How to Marble Leather
2 new super easy DIY leather marbling kits
I've been experimenting with marbling onto leather for the past couple of years and am now really excited to launch 2 new DIY leather marbling kits - a Mini Envelope Marbling Kit and a Glasses/Pencil Case Marbling Kit.
My Paintable Mini Envelope Kit has proved really popular and I wanted to create another leather craft kit that gave people the chance to put their own unique imprint on the leather. Marbling definitely enables that. Each time you marble, the effects and patterns will be totally distinctive. No two marbling sessions will be the same. You kind of have to surrender control and just enjoy the process. And the process is incredibly addictive and all encompassing - from the slow dripping of paint onto the surface of the water, to watching how the colour spreads and interacts with the other shapes on the water. It's really mesmerising.
Best paint for marbling leather
I've done quite a bit of experimenting and found that slightly diluted water-based acrylic leather paint is the best paint for leather. Acrylic leather paint is designed to flex and move with the leather without cracking or flaking. Also, the intensity, opacity and purity of colour that you can get with these paints is far superior to ink based colours. Combined with the undyed vegetable tanned leather I have sourced for the marbling kits, these acrylic leather paints create gorgeously vivid patterns. Using undyed vegetable tanned leather means that there is no surface treatment or finish on the leather that may otherwise stop the paint from adhering properly.
Different marbling techniques
There are so many different effects and patterns you can create when marbling leather. From the traditional swirly, almost stripy pattern to the spotty (almost reminiscent of animal print) globules of colour. My favourite is the bullseye - when you drip different colours into the middle of another colour - circle within circle within circle within circle....! In the online tutorial I go through the different techniques on how to achieve the most common marbling patterns on leather.
How to thicken water for marbling
The leather marbling kits also include a little pot of carageenan powder which is mixed with water to create a marbling bath or 'size' - a thick, gloopy liquid that allows the paint to float and spread into swirling marble patterns. Carageenan is derived from red seaweed and is totally non toxic and edible (although it will probably taste disgusting!) but this does mean that you can mix up the marbling size using your kitchen whisk or blender! Many hours of trial and error have resulted in me determining the perfect carageenan to water ratio to get the best marbling size and allow the paints to spread and float. I've done a lot of the leg work in figuring out how to marble leather. Which is great, since you don't have to worry about all that faff - just plop the carageenan powder in luke warm water, whizz, leave to settle and then get marbling!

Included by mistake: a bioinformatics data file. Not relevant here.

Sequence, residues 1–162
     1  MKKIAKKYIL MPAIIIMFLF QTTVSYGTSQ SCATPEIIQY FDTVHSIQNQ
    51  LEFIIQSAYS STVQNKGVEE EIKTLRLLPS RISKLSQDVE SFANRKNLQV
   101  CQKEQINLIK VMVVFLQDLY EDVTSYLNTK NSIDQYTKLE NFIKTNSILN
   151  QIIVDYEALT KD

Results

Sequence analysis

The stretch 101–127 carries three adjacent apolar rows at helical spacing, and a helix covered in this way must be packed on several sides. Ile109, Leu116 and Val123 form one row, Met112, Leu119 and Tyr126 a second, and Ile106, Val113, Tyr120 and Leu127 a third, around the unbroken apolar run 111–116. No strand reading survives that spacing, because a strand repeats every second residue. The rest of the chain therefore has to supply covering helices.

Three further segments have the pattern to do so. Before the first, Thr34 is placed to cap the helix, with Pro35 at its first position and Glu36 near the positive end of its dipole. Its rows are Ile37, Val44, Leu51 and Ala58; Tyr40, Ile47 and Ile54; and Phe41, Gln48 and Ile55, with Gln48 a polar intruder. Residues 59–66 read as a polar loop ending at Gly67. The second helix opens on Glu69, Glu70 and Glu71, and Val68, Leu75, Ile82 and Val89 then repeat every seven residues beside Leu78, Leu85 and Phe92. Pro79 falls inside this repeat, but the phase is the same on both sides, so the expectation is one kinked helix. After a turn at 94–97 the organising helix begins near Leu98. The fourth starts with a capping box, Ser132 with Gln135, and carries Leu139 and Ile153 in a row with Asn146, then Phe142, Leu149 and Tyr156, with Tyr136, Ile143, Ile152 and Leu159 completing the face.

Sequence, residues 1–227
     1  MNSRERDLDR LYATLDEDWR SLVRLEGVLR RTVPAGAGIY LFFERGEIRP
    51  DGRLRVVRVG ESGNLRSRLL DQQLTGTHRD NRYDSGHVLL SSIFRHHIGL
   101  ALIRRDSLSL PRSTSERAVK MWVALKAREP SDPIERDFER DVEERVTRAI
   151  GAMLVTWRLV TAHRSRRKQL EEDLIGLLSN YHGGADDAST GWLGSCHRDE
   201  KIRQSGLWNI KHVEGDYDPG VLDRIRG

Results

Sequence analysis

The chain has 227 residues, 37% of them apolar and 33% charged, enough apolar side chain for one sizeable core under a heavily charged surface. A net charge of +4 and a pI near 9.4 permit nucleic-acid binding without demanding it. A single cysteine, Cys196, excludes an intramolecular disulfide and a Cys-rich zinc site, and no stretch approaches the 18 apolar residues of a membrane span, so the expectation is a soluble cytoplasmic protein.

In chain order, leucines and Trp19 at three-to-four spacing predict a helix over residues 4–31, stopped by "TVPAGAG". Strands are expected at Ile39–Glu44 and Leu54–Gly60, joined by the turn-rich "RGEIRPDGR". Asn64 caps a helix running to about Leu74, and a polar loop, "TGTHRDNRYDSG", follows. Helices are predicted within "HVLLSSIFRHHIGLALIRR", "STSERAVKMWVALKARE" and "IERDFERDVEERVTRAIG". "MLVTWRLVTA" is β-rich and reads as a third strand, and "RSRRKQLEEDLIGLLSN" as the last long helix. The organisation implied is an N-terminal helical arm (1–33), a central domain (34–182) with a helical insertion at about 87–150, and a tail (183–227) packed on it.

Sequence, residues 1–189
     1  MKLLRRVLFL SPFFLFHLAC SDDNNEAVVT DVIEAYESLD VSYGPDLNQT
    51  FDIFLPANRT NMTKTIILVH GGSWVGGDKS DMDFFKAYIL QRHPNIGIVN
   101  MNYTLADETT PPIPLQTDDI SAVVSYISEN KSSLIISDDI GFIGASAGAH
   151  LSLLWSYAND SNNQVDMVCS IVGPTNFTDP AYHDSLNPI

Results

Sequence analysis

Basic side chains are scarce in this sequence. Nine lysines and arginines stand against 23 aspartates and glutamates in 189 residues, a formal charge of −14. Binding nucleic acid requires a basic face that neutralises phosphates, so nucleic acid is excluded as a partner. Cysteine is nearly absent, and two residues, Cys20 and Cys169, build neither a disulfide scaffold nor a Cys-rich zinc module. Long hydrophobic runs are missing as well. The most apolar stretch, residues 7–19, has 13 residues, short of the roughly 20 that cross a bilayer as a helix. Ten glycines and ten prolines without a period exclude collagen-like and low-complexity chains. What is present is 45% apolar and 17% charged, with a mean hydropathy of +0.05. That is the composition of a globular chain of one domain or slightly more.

How to get the best results marbling leather
I have to admit that I was a little nervous when I first tried leather marbling. It is a little nerve-wracking but I include plenty of leather scraps to practice on and if you don't like a pattern on the surface of the water, simply grab a piece of scrap paper, lay onto the water and peel gently back to lift the colour off. Then you can start again with a fresh load of paint! I've found the most important thing to remember is, that if you like what you see on the surface of the water, then you'll like the end result on the leather.
Marbling colour palette
Just as with the paintable leather wallet craft kit, you can choose your own colour palette from a choice of 12 acrylic leather paints. You can stick with those 6 colours or choose to mix them to create more. When selecting palettes I tend to go with either a pastel palette or a muted palette and add a bright colour as an accent. The yellow, neon pink and Bahama blue add really lovely pops of colour. Also, the addition of the pearlescent rose gold or the pearlescent pewter adds a luxe feel to the pattern.
Marbling made easy
Here's a little breakdown of what's involved in marbling leather
- Choose 6 colours (from a choice of 12) of specialist leather paint.
- Mix up the 'size' which is the technical term for the liquid that the paint will float on and spread to create the unique marbling effect.
- Practice with the leather scraps included in your kit.
- Experiment with different marbling techniques.
- Marble your wallet or glasses/pencil case.
- Leave to air dry before adding the solid brass fitting and folding up to make the 3D shape!
- No sewing or needles involved in this satisfying make.
- All the leather is professionally die cut to make sure your finished piece is pretty perfect.
- With the make-along video tutorial and fully illustrated instructions booklet, you are supported through every step of the marbling and making process.
I really really hope you like these two DIY leather marbling craft kits. I've had a lot of fun working out the ratios, how to prepare the paint, and how to get the different marble patterns on the leather. And once you've enjoyed a little mindful marbling, you can fold up the leather (a little like a simple origami project) secure with the solid brass fitting and use your mini envelope wallet or glasses/pencil case day after day! Add the personalisation option to deboss your (or your loved one's) name or initials to your leather piece.